Congregational Prayer: Search our hearts, God. Show us who we really are. Work in us to change us. Help us to pursue you whole-heartedly and see You fully.

Number 7: Blessed are the peacemakers, for they will be called sons of God.

The idea of peace has many meanings. Peace isn’t just the absence of war. It is a state of being no matter what. It is seeking what is best for all involved. It is embracing the desire that harmony with God and harmony with others is of utmost importance. Being a peacemaker means we work to love others correctly, patiently, and with love. Peacemakers don’t look for ways to stir the pot, to hurt or exploit others or to win an argument. Peacemakers encourage others to seek peace. When someone comes to you and they are hurt or angry because of something someone else has said or done, do you add your two cents about the third person? When your friend tells you what so and so has done, do you chime in that they should pay for what they have done or do you point your offended friend in the way of peace?

Romans 12:18 says, “If it is possible, as far as it depends on you, live at peace with everyone.” There are times in order to make peace for ourselves we have to disconnect from other people. That is true. Peace isn’t always possible, but we are to live with the mindset that it is our desire. My parents used to tell me I could be part of a problem or part of the solution. It’s such a true statement. Jesus asked His people to live as part of the solution whenever possible. That doesn’t mean we ever compromise the integrity of God’s Word! It means that we promote peace whenever possible.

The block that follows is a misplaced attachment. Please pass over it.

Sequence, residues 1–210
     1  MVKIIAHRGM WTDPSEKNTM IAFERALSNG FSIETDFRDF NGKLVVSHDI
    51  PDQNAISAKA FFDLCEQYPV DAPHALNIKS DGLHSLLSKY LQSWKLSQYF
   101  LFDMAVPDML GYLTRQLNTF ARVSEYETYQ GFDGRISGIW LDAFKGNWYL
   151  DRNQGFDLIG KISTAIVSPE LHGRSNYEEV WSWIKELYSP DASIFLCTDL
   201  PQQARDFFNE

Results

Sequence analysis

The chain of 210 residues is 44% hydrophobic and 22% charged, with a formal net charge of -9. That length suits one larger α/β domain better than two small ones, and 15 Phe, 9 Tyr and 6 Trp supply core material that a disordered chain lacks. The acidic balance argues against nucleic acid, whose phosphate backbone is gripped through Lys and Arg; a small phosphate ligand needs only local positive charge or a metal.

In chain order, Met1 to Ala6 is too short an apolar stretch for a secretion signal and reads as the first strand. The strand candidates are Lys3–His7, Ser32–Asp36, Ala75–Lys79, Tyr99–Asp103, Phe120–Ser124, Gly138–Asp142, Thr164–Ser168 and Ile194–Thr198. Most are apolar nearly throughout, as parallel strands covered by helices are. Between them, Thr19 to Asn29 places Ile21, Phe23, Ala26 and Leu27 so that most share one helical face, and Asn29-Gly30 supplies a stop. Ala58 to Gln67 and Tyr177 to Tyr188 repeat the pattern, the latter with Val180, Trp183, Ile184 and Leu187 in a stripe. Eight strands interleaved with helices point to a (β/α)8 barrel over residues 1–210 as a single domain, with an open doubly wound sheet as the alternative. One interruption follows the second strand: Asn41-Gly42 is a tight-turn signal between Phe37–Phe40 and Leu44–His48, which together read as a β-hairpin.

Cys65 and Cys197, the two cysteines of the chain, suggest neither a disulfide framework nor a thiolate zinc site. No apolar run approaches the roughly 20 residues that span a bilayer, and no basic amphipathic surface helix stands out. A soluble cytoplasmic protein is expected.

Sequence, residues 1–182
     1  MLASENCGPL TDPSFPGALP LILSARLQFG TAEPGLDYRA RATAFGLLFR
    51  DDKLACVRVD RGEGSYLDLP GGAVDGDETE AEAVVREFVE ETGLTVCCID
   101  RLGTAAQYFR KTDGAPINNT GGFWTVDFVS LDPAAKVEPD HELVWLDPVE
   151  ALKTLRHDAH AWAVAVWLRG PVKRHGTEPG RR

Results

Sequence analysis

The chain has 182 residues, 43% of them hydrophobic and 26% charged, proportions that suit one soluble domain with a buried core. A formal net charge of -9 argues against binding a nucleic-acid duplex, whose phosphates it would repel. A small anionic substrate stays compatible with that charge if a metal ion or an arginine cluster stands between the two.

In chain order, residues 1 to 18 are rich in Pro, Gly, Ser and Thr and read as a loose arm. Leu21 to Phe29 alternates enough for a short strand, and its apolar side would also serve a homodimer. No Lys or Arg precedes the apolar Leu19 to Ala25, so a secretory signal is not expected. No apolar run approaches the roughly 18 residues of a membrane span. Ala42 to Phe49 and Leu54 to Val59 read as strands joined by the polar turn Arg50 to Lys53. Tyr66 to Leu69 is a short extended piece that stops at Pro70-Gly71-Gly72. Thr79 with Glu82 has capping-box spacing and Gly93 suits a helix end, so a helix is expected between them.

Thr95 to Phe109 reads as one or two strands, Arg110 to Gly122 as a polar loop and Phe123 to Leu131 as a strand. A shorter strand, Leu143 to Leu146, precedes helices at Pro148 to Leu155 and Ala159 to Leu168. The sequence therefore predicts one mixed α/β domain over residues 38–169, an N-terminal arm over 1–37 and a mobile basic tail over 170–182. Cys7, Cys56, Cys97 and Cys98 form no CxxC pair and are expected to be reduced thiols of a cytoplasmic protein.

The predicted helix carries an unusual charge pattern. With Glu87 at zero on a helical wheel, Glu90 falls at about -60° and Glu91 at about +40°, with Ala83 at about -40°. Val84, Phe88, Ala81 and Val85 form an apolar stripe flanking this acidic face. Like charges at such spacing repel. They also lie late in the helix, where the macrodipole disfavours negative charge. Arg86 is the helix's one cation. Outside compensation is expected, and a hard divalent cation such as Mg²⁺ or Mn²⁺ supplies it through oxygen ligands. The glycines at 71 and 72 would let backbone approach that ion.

Congregational Prayer: Lord, let me be focused on pursuing peace, promoting peace, and contributing to peace whenever possible.

Finally number eight: Blessed are those who are persecuted because of righteousness, for theirs is the kingdom of heaven. 11 “Blessed are you when people insult you, persecute you and falsely say all kinds of evil against you because of me.

If you are persecuted because of Christ it must mean you are living in such a way as to have been recognized as one of Christ’s followers. Good job! 🙂 People who follow Christ will challenge the status quo because that is what He did. He turned things upside down a lot. People oppose those who shake things up. Jesus was persecuted long before crucifixion week. Perhaps this last Beatitude really is tied to every previous one.

People who are poor in spirit may be labeled as needing Jesus for a crutch.
People who mourn out of sorrow for their sin may be called weak.
People who are meek may be called powerless and ineffective.
People who hunger and thirst after righteousness may be heralded as misguided.
People who are merciful may be called foolish and stupid.
People who are attempting to be pure in heart may be pigeonholed as “goodie-two-shoes.”
People who seek peace may be labeled as cowards.

All kinds of insults will likely come to those who follow Christ because they came to Him. What we have to focus on, however, isn’t what happens in the moment, but what happens in the end. Jesus was magnified. Jesus was glorified. Jesus was exalted. If you are truly a Kingdom person, then adopt these Kingdom Attitudes and be satisfied with letting eternity tell the story!